The newly published full version of a report on the FIFA 2018/2022 bidding process alleges the former UK PM tried to persuade South Korea to trade votes in a clear violation of FIFA ethics rules. The publication comes after the report was leaked to German media.
The investigation into corruption allegations and other wrongdoings by bidders to host the 2018 and 2022 World Cups was carried out in 2014 by the former chairman of the FIFA Ethics Committee Investigatory Chamber, US prosecutor Michael Garcia.
Until now only a brief summary of an over 400-page document was available to the public. However, after its contents were allegedly leaked to German tabloid Bild, football’s governing body officially released the document in its entirety late Tuesday, “for the sake of transparency.”
The report alleges that the fate of England’s 2018 FIFA bid was decided at the highest level of the British government, with former Prime Minister David Cameron and Prince William being personally implicated in breaching FIFA ethics code by colluding with officials from South Korea, which sought to host the tournament in 2022.
Cameron reportedly met with then-FIFA vice president Mong-Joon Chung not long before the December 2010 vote and “asked Mr. Chung to vote for England’s bid.” Chung allegedly promised to cast a vote for England on condition the English delegation returned the favor and backed South Korea as 2022 World Cup host.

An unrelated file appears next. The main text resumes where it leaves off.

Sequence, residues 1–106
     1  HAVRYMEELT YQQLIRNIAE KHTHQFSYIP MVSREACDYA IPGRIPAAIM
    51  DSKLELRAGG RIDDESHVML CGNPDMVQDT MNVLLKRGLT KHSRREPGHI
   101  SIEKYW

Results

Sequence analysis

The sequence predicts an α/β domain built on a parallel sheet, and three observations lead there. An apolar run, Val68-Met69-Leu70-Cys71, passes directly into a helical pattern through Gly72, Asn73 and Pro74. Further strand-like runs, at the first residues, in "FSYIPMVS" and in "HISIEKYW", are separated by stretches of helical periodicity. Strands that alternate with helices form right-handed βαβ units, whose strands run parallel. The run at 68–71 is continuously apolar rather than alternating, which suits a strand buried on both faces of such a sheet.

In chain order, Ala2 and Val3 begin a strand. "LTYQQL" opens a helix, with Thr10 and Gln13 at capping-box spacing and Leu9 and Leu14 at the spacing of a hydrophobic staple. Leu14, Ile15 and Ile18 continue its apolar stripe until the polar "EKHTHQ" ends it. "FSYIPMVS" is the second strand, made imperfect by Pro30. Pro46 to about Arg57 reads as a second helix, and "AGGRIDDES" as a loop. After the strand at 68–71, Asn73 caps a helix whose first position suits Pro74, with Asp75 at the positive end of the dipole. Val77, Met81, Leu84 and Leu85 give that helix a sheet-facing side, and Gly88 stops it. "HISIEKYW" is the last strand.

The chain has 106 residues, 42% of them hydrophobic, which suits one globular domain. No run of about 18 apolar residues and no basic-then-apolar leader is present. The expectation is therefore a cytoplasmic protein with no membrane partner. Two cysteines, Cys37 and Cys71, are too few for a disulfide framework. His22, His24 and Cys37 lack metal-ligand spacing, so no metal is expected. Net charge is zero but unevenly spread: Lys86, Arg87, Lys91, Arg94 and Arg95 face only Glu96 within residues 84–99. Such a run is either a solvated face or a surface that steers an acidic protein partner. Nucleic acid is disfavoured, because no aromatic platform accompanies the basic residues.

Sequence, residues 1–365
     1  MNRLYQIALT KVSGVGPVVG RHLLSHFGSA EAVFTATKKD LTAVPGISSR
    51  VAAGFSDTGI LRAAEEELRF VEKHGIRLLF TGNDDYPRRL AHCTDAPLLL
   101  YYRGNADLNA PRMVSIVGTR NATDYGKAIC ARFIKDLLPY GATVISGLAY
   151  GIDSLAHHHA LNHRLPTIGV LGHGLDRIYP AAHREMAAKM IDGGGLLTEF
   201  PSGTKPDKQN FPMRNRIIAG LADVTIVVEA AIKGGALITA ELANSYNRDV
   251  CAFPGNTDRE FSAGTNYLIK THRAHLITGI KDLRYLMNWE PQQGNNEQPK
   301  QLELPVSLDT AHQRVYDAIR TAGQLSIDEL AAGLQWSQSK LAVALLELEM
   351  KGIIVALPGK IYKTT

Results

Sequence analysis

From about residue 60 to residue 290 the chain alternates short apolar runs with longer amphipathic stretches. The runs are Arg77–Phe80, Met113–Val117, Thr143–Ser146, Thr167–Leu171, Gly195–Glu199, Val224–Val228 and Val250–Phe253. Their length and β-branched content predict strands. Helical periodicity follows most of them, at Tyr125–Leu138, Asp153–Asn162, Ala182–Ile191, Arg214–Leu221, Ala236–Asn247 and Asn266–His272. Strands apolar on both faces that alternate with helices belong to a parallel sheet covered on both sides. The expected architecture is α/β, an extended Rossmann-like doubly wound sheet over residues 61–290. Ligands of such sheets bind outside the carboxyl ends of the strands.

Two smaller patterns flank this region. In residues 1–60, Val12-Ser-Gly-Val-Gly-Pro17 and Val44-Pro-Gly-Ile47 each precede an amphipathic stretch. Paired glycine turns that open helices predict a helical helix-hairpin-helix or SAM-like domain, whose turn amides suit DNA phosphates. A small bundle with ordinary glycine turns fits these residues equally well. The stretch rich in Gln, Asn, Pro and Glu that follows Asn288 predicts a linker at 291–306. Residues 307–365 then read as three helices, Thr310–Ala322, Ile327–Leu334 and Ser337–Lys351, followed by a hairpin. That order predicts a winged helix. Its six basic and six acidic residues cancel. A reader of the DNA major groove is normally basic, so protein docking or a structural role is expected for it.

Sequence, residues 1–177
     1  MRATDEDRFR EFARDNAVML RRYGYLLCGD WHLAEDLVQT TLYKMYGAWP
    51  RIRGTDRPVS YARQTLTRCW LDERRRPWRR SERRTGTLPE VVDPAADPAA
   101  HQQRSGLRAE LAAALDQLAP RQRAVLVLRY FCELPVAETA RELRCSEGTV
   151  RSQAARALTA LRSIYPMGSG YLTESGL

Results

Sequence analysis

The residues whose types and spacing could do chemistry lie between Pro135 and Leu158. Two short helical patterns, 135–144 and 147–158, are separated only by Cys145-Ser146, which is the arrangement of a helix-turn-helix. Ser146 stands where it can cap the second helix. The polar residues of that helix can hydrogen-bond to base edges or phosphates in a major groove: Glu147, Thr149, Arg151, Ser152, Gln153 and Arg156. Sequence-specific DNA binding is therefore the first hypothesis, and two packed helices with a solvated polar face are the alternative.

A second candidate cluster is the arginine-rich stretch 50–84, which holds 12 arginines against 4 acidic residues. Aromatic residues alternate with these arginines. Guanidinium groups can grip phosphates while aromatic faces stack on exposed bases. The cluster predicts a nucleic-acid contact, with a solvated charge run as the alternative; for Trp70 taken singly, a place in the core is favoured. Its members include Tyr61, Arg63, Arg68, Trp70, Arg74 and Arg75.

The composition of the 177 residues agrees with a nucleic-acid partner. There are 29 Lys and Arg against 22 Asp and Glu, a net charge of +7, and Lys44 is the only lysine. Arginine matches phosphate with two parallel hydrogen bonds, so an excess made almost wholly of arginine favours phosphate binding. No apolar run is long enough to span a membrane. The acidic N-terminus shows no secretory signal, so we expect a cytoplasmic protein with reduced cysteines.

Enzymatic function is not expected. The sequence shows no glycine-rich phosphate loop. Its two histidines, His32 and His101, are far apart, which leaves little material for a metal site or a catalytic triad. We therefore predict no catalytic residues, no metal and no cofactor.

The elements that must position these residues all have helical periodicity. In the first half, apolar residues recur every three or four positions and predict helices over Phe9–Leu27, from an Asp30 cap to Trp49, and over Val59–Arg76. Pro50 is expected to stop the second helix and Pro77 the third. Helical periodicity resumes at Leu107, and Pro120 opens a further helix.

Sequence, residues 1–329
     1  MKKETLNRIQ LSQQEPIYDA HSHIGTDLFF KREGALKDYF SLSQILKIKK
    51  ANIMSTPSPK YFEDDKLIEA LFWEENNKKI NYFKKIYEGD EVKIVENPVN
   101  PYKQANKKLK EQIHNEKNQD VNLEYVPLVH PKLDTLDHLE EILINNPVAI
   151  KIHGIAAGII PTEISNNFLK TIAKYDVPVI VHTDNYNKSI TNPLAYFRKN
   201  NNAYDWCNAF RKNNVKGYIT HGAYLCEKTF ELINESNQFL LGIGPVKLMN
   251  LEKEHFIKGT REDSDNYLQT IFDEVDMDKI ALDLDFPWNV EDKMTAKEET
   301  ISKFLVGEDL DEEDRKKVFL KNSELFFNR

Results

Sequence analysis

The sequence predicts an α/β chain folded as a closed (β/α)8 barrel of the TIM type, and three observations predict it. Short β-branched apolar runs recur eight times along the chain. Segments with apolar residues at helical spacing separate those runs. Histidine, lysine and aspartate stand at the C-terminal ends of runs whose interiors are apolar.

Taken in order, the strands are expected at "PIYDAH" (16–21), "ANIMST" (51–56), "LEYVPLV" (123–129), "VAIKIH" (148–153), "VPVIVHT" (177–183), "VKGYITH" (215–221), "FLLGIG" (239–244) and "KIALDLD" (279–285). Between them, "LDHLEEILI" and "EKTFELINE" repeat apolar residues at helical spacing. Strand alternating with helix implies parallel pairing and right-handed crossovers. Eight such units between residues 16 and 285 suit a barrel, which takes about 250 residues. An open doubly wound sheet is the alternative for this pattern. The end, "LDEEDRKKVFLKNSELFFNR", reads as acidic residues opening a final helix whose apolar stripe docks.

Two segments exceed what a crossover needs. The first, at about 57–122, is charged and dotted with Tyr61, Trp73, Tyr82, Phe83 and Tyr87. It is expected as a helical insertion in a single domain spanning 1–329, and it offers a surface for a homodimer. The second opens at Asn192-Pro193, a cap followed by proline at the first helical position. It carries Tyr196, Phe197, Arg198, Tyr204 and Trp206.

The clandestine conversation is said to have taken place in Prince William’s room at a posh Swiss hotel, with the Duke of Cambridge himself reportedly having been present at the meeting.
Prince William is not the only British royal to be featured in the report. According to one of the most eyebrow-raising allegations cited there, the former president of the South American Football Confederation, Nicolas Leoz asked the English delegation if it was possible to be bestowed with an honorary knighthood.
Witnesses to discussions between the English delegation and Leoz’s representatives claim that at one of the meetings the latter hinted that “it would be nice if at some point Dr Leoz would get to meet the Queen.”
The report, however, notes that the chief executive of England’s bid, Andy Anson, “was never a party to any conversation where Dr Leoz personally asked anyone connected with England 2018 for a knighthood, or indeed for any award or honor.”
Meanwhile, the report appears to clear Russia of the allegations that it had won the right to host the 2018 World Cup by bribing officials for votes.
“There is no evidence in this record to suggest that the Russia Bid Committee attempted to exert undue influence on any FIFA ExCo [executive committee] Members in order to secure their votes,” it states.